UCn2 and UCn3 peptides have recently been infused to treat patients with heart failure (HF) but are limited by their short half-lives. A 1-time intravenous injection of virus vectors encoding UCn2 or UCn3 provided sustained increases in plasma concentrations of the peptides. This was associated with increases in both systolic and diastolic left ventricular (LV) function, mediated by increased LV SERCA2a expression and Ca2+ handling. UCn2, but not UCn3, gene transfer reduced fasting glucose and increased glucose disposal. These findings support UCn2 and UCn3 gene transfer as potential treatments for HF and indicate that UCn2 may be an optimal selection in patients with diabetes and HF.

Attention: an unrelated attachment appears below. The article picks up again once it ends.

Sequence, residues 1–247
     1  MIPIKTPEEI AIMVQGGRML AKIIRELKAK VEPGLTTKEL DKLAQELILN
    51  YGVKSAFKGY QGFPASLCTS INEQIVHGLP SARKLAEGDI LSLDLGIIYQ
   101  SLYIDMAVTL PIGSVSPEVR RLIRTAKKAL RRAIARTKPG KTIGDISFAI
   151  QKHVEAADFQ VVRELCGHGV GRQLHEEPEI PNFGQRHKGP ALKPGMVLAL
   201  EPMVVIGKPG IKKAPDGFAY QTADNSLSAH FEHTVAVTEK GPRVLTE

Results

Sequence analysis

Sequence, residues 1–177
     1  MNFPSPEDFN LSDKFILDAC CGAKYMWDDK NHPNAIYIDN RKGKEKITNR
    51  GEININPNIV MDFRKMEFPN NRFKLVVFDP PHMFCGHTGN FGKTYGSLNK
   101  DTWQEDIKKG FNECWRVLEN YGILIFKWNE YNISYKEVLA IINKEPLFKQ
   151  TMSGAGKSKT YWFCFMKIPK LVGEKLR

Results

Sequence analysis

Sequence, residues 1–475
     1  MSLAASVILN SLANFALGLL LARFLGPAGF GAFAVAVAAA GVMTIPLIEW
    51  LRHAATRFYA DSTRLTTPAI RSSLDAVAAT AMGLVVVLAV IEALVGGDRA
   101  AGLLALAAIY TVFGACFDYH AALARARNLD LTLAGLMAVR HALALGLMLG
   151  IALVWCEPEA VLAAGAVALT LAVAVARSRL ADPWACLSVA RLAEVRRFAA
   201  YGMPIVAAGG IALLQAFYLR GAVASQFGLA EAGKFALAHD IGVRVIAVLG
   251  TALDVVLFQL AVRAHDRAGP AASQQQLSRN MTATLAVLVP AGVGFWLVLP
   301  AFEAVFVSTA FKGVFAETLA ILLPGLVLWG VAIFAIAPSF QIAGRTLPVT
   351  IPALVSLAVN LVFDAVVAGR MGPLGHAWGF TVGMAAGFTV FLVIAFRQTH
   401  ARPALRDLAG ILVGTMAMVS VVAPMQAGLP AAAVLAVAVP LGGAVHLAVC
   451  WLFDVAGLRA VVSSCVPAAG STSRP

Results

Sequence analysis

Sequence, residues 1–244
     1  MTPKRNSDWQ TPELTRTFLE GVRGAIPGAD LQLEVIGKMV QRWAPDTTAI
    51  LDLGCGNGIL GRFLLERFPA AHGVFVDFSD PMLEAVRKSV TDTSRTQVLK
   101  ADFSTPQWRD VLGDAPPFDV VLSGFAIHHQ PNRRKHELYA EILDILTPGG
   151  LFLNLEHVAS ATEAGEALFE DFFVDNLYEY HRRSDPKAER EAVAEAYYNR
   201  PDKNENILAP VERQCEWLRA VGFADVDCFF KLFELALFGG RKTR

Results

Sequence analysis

Keywords: AAV, adeno-associated virus; CO, cardiac output; CRF, corticotropin-releasing factor; CRHR, corticotropin-releasing hormone receptor; CaMKII, Ca2+/calmodulin-dependent protein kinase II; EDD, end-diastolic diameter; EF, ejection fraction; ESD, end-systolic diameter; ESPVR, end-systolic pressure-volume relationship; HF, heart failure; IP, intraperitoneal; IV, intravenous; LV, left ventricle/ventricular; PKA, protein kinase A; RYR2, ryanodine receptor 2; SERCA2a, sarco/endoplasmic reticulum Ca2+-ATPase; Tau, time constant of left ventricular pressure decline; UCn2, urocortin 2; UCn3, urocortin 3; VCFc, velocity of circumferential fiber shortening corrected for heart rate; adeno-associated virus; cAMP, 3′,5′-cyclic adenosine monophosphate; contractile function; diastolic function; gc, genome copies; gene therapy; insulin sensitivity.